Cruise helps Toys for Tots

Cost of attending holiday event was a gift for Marine Corps program.

12/25/2011 12:00 AM

12/22/2011 9:38 PM

The Queen's Landing entertainment complex threw a party aboard its Lady of the Lake yacht last week that would normally have cost those attending a total of $3,000.

The two-hour nighttime holiday cruise included DJ Chip "Chippy Chip" Mullins, dancing and a buffet dinner featuring chef Salvatore Friedel's smoked prime rib, roasted chicken, sautéed spinach, mashed potatoes and desserts.

But this Lake Norman cruise was free to the 120 children and adults who came from as far away as Bessemer City and Charlotte. It was open to anyone who brought an unwrapped Christmas gift valued at $25 or more.

For the second year, Queen's Landing owner Jack Williams threw a bash at his company's expense to collect gifts for the Marine Corps Reserve's Toys for Tots drive for Iredell County families in need.

Queen's Landing employees donated their time helping run the event, as did Capt. Jim Kiser at the helm of Lady of the Lake.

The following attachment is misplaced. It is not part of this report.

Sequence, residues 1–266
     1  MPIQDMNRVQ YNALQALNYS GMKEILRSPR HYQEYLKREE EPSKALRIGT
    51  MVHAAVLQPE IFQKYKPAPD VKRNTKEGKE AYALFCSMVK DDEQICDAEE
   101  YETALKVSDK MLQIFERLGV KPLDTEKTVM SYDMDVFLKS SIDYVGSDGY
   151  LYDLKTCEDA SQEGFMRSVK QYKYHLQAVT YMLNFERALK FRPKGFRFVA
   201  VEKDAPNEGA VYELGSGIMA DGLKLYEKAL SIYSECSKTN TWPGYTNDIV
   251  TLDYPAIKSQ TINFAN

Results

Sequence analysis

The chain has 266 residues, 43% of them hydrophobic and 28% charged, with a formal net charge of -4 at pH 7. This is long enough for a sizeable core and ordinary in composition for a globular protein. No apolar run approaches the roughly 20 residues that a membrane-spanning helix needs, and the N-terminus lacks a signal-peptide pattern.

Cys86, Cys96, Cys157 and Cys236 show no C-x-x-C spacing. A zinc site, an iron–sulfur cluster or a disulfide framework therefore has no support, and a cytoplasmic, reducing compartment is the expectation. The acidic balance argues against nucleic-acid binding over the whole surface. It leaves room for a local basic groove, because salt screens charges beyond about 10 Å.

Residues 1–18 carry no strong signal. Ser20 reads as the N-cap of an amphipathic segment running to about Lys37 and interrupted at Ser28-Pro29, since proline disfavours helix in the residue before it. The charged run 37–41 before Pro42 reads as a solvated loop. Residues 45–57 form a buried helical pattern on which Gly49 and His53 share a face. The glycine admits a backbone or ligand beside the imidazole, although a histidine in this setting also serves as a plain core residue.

Toys for Tots provided gifts to about 2,500 Iredell County children this year, said Vivian Meletis, who's coordinated the effort for three years. Toys for Tots has been around nationally since 1947 and in Iredell County since 2002, she said.

"If it wasn't for Toys for Tots stepping in, they would have nothing under the tree," Meletis said.

Her son, Sgt. Chad Smith, 28, is a Marine Corps Reservist who served two tours in Iraq and one in Afghanistan. Her husband, Pete Meletis, is past Marine Corps League state commandant.

Presents are distributed in Iredell County through community organizations and to the 250 families who applied to Toys for Tots for gifts, Vivian Meletis said.

The gathering aboard the 82-foot Lady of the Lake brought several hundred more gifts, including from 19 dancers ages 11 to 18 from Carolina Dance Explosion in Cramerton.

"In order to perform, they had to bring a gift for a child," said Melody Panter, who co-owns the studio with Christel Harvey.

Antonia Sharp, 15, a sophomore at East Gaston High School brought two Barbie dolls. Alexis Chapman, 13, an eighth-grader at Mountain Island Charter School, donated Transformers, a remote-control car and a Build-A-Bear.

Brad May, 33, was among dozens of adults who also donated to the cause. He is an insurance agent with the Farm Bureau in Denver.

What's important at Christmas, he said, is "not what we can get, but what we can give others."

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